Choosing underfloor heating for your new build

Underfloor heating has become one of the most common means of heating a home. Not only will it feel like a bit of a luxury, providing warm floors underneath, but it's perhaps one of the most effective techniques of space heating.

Unlike radiators, which generally merely heat the air (what we call convection), underfloor heating (UFH) warms the space with a mix of radiant heat and convection, helping generate a more constant, pleasant temperature throughout the room, while lowering the possibility of cold spots.

In an existing home, while undoubtedly manageable, it can be disruptive to transition from radiators to an underfloor heating system. However, whether planning a new construction or extending your house, you'll be able to include underfloor heating in your designs from early on, incorporating it into your total construction works.

How does it work?

Underfloor heating is normally installed during a build, although there are expensive and intrusive methods for retroactive installation. There are two different kinds, electric underfloor heating and hydronic systems which use heat pumps to heat up water pipes put throughout the floor.

It is advised that an underfloor heating system be operated continually over the wintertime, as it takes significantly longer to heat up than other sources of heating. Adequate insulation is advised to boost efficiency. This includes insulating the concrete foundations.

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Why Underfloor Heating?

Here are a few perks of underfloor heating in a new build:

Electric underfloor heating delivers warmth across the entire space utilising radiant heat which warms objects directly and preserves the natural humidity in the environment. Unlike conventional heating, it uses less energy to function and is able to maintain a stable, cleaner, quiet and comforting source of ‘thermal heat’ that will not dry out the air or trigger allergies.

• Notice a difference within 30-60 minutes of turning it on
• A tip we advise is to look for ones that have been thoroughly tested for safety and are entirely waterproof.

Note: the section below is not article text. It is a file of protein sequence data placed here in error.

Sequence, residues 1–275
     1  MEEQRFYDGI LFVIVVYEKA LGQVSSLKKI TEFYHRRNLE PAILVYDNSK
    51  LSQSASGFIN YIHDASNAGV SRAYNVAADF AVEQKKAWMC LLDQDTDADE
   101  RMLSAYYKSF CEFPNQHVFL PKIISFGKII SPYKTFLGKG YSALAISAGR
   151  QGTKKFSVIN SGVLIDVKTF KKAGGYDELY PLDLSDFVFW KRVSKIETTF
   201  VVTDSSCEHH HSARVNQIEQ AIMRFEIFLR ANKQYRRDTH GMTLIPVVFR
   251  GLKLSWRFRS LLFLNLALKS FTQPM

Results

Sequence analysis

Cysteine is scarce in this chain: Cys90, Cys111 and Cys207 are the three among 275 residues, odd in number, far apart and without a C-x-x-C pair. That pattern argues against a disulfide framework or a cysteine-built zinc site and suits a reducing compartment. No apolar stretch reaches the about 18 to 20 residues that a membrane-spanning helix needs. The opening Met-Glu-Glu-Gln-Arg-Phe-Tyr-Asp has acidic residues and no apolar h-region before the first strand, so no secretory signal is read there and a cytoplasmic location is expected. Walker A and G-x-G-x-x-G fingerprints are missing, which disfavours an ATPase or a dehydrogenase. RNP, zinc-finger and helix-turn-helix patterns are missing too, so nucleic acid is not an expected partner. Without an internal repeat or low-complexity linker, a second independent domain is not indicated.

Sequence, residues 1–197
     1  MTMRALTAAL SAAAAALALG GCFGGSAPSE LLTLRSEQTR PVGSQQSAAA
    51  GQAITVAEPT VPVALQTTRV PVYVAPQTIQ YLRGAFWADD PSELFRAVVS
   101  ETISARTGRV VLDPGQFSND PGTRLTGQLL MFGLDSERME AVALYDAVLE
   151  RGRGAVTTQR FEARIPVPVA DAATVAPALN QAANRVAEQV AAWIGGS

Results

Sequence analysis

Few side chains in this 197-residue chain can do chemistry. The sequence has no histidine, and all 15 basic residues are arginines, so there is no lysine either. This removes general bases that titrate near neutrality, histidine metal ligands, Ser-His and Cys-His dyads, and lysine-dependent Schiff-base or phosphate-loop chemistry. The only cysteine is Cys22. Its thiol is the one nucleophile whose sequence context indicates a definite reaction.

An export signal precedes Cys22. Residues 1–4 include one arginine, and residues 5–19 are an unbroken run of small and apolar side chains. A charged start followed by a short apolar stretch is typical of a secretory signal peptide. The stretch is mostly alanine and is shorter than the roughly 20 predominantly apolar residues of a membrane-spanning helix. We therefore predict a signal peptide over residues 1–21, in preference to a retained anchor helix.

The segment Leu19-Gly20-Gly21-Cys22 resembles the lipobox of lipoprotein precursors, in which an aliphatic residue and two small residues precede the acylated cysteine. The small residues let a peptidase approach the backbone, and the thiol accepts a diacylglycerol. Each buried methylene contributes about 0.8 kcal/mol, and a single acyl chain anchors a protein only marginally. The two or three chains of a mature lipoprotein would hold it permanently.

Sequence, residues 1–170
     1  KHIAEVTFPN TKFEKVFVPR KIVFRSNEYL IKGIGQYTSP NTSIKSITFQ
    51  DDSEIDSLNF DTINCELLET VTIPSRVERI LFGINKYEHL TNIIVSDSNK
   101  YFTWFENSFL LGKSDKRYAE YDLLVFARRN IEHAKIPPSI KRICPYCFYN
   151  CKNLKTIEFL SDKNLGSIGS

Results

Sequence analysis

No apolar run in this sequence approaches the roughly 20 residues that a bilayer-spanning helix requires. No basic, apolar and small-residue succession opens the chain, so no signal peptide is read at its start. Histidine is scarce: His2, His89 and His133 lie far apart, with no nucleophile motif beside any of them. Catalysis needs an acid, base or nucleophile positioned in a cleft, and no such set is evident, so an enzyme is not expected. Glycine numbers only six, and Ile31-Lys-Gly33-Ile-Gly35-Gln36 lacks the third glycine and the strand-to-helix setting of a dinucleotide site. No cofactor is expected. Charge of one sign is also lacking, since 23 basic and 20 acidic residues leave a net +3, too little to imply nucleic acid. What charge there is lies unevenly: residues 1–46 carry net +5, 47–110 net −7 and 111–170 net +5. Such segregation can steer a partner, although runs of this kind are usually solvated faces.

• Using a high-quality underlay reduces heat loss downhill – maximising all available heat
• Flexibility, high-temperature performance, safety, and lifespan are all built-in.
• There are no visible elements or radiators, which makes it safe to use in a home with children.
• Timers and thermostats enable precise heating where and when it is required.

Installing a water or electric underfloor heating system during a new build is frequently easier than retrofitting a heater during a renovation. This is because you can incorporate the system's size and requirements into the design phase, specifying the ideal subfloor construction and zoning area arrangement for your chosen heater while ensuring that ceiling heights are not impacted.

Floor heating allows for greater design flexibility in your project. Your architectural ideas can thrive without being constrained by the massive radiators and conspicuous heating pipes of a central heating system. Additionally, underfloor heating is a considerably more energy-efficient method of heating a space than central heating, since its radiant heat technology enables it to operate at lower temperatures while maintaining the same degree of comfort.

Is it effective?

Underfloor heating has the potential to be highly energy efficient and environmentally friendly, however this is conditional upon the exact circumstances.

Electrical resistance devices installed in the floor or a network of pipes through which water circulates are used for hydronic systems. Hydronic systems can be heated using a variety of various fuel types, ranging from diesel and natural gas to electric heat pumps.

Underfloor heating operates at relatively low temperatures, which helps maximise the efficiency of the heat pump or gas boiler that provides the heat. A heat pump hydronic system would be significantly more efficient than an electrical underfloor system, comparable to the relative efficiency of an electric convection heater and a heat pump.